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Wine Advice that Nobody Asked For: Learning to Take My Own Advice

Not too long ago I wrote one of these little essays about what should be expected of wine, and the example I gave at the time was someone who was dissatisfied with a five dollar bottle of Cabernet Sauvignon. When it comes to value in a bottle of wine, I’m obsessively aware of what I think wine should cost in comparison to how it tastes as something of an occupational preoccupation.

In addition to forming an opinion on the value of a wine compared to its flavor, that’s also tied up with what the wine tastes like in regards to its style. Does this red Bordeaux taste like red Bordeaux, does this white Burgundy taste like white Burgundy? If my Vinho Verde tastes like a California Chardonnay, then I think we might have some issues.

Of course the typicity of a grape or region is tied up in western European wine traditions since the modern wine industry stems from the appellation systems of Italy, Hungary, and France. So when I (and many others) learn about wine in an academic context, sommelier training, or for a certifying board like the Wine and Spirits Education Trust (W.S.E.T), typicity of grapes and regions is thought of in regards to the classics: Burgundy, Bordeaux, Chianti, Rioja, Brunello, Sancerre, etc.

I’ve always been drawn to the classics in terms of wine while new world wine production (North & South America, New Zealand, Australia, etc) has always occupied my mental space as more of a passing curiosity than anything. Not that I write them off completely, but with a focus on the classics, it’s been easier to pay attention to them because I’ve spent so much more time studying them.

Recently I’ve been tasting more wine from South America that I’ve found compelling in one way or another, but something has historically struck me about Chilean wines that I could never quite wrap my head around. I often find them to have a smokey edge, leaning in towards a more vegetal nature, and often with an earthiness that wasn’t particularly to my liking. But why hasn’t it been to my liking?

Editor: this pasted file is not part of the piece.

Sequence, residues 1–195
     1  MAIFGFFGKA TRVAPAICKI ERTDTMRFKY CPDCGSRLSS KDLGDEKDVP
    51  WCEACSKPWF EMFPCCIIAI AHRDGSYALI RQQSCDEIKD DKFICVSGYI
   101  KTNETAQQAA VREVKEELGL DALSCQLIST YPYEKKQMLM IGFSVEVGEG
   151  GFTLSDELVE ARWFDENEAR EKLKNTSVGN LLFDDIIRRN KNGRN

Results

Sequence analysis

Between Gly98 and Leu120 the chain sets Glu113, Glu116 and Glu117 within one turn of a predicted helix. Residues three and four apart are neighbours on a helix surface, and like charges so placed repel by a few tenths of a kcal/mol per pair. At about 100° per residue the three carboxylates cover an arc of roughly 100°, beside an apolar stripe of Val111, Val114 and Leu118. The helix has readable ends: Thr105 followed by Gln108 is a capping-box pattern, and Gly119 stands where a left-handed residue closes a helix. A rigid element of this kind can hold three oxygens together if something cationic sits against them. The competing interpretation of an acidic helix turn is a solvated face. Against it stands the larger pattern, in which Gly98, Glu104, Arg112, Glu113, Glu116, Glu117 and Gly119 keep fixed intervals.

I expect, and often enjoy, a vegetal edge (bell pepper, herbs, jalapeno, something green no doubt) in Cabernet Franc from Chinon, because it is often typical of the wine. If I get that same green edge in some Cabernet Sauvignon, I sometimes enjoy it because it is often typical to the wine. For the most part I don’t tolerate oak in my wine, but I often enjoy it in red Bordeaux and Tempranillo based wines like Rioja or Ribera del Duero because I understand it as historic to the style.

So the other night while drinking a Chilean blend of Carmenere, Carignan, and old vine Pais, I was quietly intellectualizing whether or not I had an opinion about it, and whether or not it was the right opinion. Meanwhile, my darling wife with a far better palate than I have, just says, “oh, that’s nice.”

No overthinking it, no comparing it to the classic regions, she wasn’t trying to figure out if there was varietal typicity, or whether or not there were flavors being influenced by vine pruning practices (all of which I was doing), she tasted the wine and just enjoyed it.

That’s not to say that the only thing that matters is whether or not you like the wine. There is appreciation and enjoyment to be had in scholarship, comparison, and critical tasting, but there’s also merit in approaching wine with what could be called beginner’s mind, shedding the classics when the classics don’t always apply to what could be considered “new” wine regions. Case in point, there are no classic French wine regions that call for Pais grapes grown from 100 year old vines.

So fine, I’ll take my own advice, I’ll keep an open mind, try new things, adjust my expectations to fit a new scenario, and I might even enjoy some of these wines that I otherwise wouldn’t have. And I’ll suck it up and actually take some advice instead of just giving it.

-Joe Buchter, Import Wine Buyer

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